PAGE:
On January 7, 2022 the BC Supreme Court released its' judgment in Thomas and Saik’uz First Nation v Rio Tinto Alcan Inc., 2022 BCSC 15.
Subject of the litigation in the Kenney Dam on the Nechako River in the interior of BC. The dam was authorized in the 1950s by the GC government to be built by Rio Tinto Alcan (RTA). This matter is related to previous litigation involving Rio Tinto Alcan and the Kenney Dam. They seek an injunction competing the RTA and both levels of government to restore a more natural hydrograph to prevent further damage and to restore the populations.
The two Plaintiffs are both Dakelh and are treated as separate bands under the Indian Act. Both the Plaintiffs claim an Aboriginal right to fish in the Nechako watershed and assert Aboriginal title to the lands from and the beds of the lake or rivers in which they have traditionally fished. They invoke these Aboriginal rights as the basis for bringing tort claims against Rio Tinto Alcan in nuisance and for breach of riparian rights.
The Plaintiffs claim that the construction of the Dam, the operation and the subsequent regulation of the Nechako hydrograph has affected the river and the fish and related fishery. In particular, the imminent extirpation of the Nechako White Sturgeon and a substantial reduction in the population of salmon, both sockeye and chinook.
While the Plaintiffs in this case were not successful in getting the injunction they were seeking, as the court found that the defence of statutory authority required the dismissal of the action, there is hope to be found. The court found that the plaintiff’s “Aboriginal right to fish is a legally sufficient foundation for an action in private nuisance” (paragraph 377). This provides clarity for Indigenous litigants that there is an avenue to pursue those who take actions which negatively impact their Aboriginal rights, even where it is not a matter of lack of consultation or government action.
In my experience, Indigenous nations often encounter an issue where there has not been a government action, to ground a duty to consult, but there have adverse impacts on their rights and title. In these cases, Indigenous nations have been left with little recourse to address harms to their rights and title. This case provides insight into an avenue that will allow for this gap to be filled by pursuing a claim of nuisance, and the use of tort law.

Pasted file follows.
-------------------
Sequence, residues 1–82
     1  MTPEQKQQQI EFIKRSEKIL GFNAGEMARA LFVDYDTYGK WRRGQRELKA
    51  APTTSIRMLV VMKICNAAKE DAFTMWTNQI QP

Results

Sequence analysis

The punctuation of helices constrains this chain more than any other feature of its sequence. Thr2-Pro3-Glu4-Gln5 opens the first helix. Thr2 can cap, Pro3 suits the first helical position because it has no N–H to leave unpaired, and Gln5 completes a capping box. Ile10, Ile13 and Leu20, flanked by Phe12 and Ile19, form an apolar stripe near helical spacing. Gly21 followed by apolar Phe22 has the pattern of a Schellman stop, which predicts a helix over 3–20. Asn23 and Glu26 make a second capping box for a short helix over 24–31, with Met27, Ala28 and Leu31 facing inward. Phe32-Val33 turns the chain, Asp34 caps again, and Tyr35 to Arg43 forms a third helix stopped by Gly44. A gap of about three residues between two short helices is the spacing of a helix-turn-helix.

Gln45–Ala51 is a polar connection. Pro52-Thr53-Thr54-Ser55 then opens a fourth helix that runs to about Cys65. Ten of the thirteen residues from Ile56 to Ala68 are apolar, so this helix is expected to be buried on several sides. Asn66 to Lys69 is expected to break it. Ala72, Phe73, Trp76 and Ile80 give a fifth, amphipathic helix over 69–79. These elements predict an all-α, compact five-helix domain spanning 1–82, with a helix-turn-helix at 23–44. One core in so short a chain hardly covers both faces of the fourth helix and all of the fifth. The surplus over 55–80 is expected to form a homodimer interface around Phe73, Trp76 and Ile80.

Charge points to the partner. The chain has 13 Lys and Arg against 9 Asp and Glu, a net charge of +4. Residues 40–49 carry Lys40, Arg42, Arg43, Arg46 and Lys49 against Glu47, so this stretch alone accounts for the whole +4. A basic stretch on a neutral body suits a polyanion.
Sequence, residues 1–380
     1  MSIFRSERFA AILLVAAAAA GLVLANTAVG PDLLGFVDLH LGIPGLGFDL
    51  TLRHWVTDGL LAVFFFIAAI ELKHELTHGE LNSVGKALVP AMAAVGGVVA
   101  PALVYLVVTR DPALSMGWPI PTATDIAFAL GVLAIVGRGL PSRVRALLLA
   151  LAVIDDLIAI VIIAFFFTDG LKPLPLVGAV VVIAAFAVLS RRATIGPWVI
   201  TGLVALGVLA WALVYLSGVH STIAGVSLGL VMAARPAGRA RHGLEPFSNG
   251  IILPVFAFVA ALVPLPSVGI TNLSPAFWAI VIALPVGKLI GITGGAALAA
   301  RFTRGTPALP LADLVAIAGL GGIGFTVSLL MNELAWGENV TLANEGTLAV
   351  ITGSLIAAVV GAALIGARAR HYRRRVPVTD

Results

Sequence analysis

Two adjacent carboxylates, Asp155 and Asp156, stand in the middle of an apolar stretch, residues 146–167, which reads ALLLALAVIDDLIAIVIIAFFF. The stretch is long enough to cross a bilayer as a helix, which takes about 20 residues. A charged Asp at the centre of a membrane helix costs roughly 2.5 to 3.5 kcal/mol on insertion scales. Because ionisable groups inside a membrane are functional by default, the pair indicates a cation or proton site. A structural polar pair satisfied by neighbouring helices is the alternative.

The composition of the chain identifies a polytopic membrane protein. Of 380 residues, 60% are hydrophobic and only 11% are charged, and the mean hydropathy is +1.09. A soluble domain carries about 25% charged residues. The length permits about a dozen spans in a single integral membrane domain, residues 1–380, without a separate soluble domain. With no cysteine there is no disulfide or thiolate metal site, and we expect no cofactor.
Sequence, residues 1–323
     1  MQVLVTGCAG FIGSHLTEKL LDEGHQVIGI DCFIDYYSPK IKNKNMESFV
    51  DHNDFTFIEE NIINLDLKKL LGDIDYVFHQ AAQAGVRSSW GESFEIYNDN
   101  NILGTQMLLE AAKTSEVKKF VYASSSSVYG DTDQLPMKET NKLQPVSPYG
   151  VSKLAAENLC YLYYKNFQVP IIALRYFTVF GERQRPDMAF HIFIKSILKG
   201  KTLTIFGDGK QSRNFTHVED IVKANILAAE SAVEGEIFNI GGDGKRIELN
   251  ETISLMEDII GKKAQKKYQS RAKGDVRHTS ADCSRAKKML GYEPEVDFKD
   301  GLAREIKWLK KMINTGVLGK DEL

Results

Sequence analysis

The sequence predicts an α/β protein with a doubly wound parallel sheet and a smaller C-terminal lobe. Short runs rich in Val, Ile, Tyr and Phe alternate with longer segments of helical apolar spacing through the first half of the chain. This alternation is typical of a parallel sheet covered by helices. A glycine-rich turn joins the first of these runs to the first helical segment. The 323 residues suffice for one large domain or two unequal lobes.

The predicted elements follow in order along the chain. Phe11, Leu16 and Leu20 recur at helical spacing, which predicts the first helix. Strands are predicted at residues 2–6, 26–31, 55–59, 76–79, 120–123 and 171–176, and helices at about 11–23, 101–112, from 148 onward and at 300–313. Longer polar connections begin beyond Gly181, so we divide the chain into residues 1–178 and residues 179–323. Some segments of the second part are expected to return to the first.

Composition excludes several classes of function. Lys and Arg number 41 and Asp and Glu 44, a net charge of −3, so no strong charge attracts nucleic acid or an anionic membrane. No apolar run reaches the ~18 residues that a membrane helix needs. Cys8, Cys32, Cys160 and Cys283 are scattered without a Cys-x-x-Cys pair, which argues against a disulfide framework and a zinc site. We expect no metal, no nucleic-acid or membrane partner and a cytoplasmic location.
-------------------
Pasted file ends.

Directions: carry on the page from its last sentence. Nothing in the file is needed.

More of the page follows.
Another part of what makes this case so noteworthy, (and blog worthy!) is the way Justice Kent writes about Indigenous history, Aboriginal title and Crown sovereignty
One series of paragraphs I note is the following which discusses the impact of years of attempted assimilation and systemic discrimination.
 The legacy of 150 years of systemic discrimination and attempted assimilation is bleak and intractable. It has resulted in cultural erosion and alienation, relentless intergenerational trauma, and socio-economic marginalization. While representing only five percent of Canada’s population, Indigenous people endure massively disproportionate rates of poverty, interpersonal violence and family breakdown, addiction and substance abuse, youth suicide, lower levels of education, and higher unemployment. Many reserves lack basic human needs such as decent housing and clean water to drink. And mostly as a cumulative result of the foregoing, Indigenous people are hugely overrepresented in both the child welfare and the criminal justice systems of this country.
 Given these tragic realities, I have no hesitation whatever in making incremental extensions of the common law that might advance some small redress for Indigenous peoples, including, of course, the plaintiffs in this case.
Another is the discussion of the terra nullius and title below:
 If the doctrines of discovery and terra nullius are indeed “legally invalid” or simply inapplicable in Canadian law, what then is the legal justification validating the assertion of Crown sovereignty over Indigenous peoples and Indigenous lands?
 In the very same paragraph in which the Supreme Court of Canada in Tsilhqot’in denied application of the doctrine of terra nullius in Canada, the Court simply restated:
At the time of assertion of European sovereignty, the Crown acquired radical or underlying title to all the land in the province. This Crown title, however, was burdened by the pre-existing legal rights of Aboriginal people who occupied and used the land prior to European arrival . . . The Aboriginal interest in land that burdens the Crown's underlying title is an independent legal interest, which gives rise to a fiduciary duty on the part of the Crown